Home » Php » class – php Set a anonymous function in an instance

class – php Set a anonymous function in an instance

Posted by: admin July 12, 2020 Leave a comment


I am just starting out with PHP, and I am wondering if there is a way to add an anonymous function to a class instance.

For instance, lets say…

class A{
    public B;

$c = new A();

//This is where I am getting a little confused...
//The following wont work

$c->B = function(){echo('HelloWorld');};

What I am hoping to do is reuse the same spit of code in a great number of different applications, and make it so that I can just ‘swap-out’ and replace functions in specific instances.

I am using php5.3 (so anonymous functions should work, just not in the way that I am using them).

Thanks so very much for your time!!


How to&Answers:

You can use the __call magic function for this job. Not a beauty, but it works..

like this:

class A {
    public $B;

    public function __call($closure, $args)
        call_user_func_array($this->$closure, $args);

$c = new A();

$c->B = function () { echo('HelloWorld'); };



PHP 5.3’s treatment of anonymous functions is entertaining. This won’t work:

$c->B = function() { echo func_get_arg(0); };
$c->B("This fails :(");

This WILL work:

$c->B = function() { echo func_get_arg(0); };
$hilarious = $c->B;
$hilarious("This works!");

To work around this, you need to use a __call hack like the one provided by Oden.

This behavior may change in the future. The array dereferencing RFC was recently committed to PHP’s trunk, and the patch has set off a discussion on function call chaining, the syntax of which may allow what you’re trying to do without the __call hack. Unfortunately it’s proven difficult in the past to get function call chaining working.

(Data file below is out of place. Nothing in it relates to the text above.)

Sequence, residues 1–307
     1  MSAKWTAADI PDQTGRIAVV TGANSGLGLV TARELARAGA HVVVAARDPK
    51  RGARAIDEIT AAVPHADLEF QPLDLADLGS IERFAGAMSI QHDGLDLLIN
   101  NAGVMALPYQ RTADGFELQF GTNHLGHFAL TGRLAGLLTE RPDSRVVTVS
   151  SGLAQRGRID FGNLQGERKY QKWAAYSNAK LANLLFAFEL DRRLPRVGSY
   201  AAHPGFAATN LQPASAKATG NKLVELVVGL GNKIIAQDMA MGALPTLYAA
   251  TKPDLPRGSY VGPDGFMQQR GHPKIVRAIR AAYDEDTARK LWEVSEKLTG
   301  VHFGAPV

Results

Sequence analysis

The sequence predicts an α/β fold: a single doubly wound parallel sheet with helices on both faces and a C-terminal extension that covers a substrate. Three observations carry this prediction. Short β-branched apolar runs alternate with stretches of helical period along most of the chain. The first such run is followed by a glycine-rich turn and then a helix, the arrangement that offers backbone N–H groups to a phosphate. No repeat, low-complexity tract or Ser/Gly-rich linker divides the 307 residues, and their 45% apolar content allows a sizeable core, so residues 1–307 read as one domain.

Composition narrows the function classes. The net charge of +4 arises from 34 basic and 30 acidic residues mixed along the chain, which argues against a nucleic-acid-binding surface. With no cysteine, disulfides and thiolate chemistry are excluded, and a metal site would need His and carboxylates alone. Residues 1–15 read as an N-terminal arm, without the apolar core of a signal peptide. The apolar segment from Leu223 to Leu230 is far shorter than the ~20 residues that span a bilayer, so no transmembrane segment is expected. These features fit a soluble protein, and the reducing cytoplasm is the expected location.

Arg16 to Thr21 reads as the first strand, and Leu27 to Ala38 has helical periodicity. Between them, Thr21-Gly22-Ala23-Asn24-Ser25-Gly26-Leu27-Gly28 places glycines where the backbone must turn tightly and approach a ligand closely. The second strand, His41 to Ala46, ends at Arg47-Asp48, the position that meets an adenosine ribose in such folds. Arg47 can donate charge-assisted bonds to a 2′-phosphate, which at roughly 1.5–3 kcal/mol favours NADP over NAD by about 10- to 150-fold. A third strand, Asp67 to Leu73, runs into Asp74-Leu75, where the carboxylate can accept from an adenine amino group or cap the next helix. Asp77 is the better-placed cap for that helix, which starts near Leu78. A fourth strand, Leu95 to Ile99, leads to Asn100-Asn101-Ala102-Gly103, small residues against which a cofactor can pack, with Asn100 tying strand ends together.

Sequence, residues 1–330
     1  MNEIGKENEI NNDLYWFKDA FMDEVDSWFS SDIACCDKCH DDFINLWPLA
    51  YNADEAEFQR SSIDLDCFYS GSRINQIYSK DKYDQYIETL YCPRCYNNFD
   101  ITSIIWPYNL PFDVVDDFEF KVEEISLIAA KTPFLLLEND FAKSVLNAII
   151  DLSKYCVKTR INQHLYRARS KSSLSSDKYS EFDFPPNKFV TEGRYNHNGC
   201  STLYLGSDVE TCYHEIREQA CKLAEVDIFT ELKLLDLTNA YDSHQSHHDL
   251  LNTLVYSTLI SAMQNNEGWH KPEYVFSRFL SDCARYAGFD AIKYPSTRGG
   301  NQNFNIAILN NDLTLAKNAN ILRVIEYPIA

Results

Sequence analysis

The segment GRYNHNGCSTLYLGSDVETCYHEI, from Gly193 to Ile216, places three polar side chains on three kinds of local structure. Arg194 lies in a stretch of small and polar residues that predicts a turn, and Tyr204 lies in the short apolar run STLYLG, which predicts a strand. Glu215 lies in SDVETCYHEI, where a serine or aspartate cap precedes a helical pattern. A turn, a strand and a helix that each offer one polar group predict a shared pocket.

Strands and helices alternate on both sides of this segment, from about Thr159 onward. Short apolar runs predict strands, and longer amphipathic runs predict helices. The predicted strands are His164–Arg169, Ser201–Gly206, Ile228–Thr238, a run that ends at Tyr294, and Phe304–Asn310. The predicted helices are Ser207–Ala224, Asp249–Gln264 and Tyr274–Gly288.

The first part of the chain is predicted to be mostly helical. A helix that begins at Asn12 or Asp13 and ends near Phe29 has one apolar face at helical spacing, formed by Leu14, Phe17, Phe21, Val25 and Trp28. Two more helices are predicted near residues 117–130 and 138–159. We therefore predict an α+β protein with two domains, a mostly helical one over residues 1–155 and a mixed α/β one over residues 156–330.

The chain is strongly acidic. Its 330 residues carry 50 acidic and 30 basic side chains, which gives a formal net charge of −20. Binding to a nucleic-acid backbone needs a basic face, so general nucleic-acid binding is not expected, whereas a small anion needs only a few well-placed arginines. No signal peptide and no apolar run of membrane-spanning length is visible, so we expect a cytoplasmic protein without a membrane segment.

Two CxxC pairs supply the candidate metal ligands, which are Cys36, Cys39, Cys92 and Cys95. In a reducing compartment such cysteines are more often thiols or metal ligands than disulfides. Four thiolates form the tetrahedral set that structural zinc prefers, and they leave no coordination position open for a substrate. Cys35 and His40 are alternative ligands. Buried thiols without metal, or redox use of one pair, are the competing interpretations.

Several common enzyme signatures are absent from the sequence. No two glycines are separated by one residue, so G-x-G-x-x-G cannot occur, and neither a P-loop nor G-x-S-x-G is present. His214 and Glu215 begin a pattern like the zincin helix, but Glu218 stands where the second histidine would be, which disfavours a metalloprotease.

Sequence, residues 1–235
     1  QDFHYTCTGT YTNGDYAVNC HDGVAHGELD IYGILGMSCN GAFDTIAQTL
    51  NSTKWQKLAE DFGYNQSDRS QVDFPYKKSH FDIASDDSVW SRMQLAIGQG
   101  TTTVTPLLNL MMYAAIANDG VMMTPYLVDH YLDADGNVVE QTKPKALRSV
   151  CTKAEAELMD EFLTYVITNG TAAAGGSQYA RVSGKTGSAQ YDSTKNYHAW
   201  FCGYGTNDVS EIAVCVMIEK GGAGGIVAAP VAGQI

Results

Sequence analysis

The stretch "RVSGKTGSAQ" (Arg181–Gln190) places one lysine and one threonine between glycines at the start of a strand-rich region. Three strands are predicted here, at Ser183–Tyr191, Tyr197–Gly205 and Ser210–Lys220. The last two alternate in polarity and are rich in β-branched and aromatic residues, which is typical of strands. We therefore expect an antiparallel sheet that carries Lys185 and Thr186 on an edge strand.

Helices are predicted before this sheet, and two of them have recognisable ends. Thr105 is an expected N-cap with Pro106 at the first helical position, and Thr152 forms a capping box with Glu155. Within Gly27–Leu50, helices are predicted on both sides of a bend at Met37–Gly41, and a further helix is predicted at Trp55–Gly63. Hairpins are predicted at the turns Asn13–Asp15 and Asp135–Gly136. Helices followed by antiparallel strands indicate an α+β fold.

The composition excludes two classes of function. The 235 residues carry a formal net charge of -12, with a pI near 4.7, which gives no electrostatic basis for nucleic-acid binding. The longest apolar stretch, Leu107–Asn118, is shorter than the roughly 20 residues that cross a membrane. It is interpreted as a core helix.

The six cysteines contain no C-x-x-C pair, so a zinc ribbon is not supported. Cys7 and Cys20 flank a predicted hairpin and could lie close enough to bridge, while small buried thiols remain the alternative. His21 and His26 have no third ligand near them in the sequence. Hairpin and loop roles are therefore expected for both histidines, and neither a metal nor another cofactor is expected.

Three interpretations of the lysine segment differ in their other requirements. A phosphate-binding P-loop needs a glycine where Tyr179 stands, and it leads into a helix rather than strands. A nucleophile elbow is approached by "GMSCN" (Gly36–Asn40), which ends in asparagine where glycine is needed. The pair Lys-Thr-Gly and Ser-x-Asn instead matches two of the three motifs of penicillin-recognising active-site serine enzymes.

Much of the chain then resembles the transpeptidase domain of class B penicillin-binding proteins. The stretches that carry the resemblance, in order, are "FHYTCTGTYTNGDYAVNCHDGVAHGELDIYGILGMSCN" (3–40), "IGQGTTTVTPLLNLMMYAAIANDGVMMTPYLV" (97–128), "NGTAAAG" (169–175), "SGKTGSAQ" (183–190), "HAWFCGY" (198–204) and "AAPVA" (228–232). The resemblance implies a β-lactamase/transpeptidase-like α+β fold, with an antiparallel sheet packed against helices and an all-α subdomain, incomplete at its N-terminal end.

# real ugly, but PoC...

class a {
  function __call($f, $x) {
    call_user_func_array($this->$f, $x);

$a = new a;
$a->b = function() { echo "Hello world"; };


Sounds like you are describing a Strategy Pattern or Decorator Pattern – there are other ways to achieve this in way which is more easily communicated with other developers who read your code.


You can do something along these lines (which will also work with callbacks that are not closures):

class A {
    private $fun;
    function setFun($fun) {
        if (!is_callable($fun))
            throw new InvalidArgumentException();
         $this->fun = $fun;
    public function fun() {
        call_user_func_array($this->fun, func_get_args());

$c = new A();

$c->setFun(function($a) { echo('HelloWorld ' . $a);});

which gives HelloWorld here.

That said, you should also consider inheritance or the decorator pattern.


This is not an issue anymore by PHP 7;

// no error
$result = ($this->anonFunc)();
$result = ($this->anonFunc)($arg1, $arg2, ...);

See more about AST.


Rather than hooking a __call magic method into your class, you can instead execute the callable directly using call_user_func.

class A {
    public $b;

$c = new A();
$c->b = function(){echo('HelloWorld');};

call_user_func($c->b);    // HelloWorld

Obviously it would be nice for PHP to provide some syntax to execute this directly.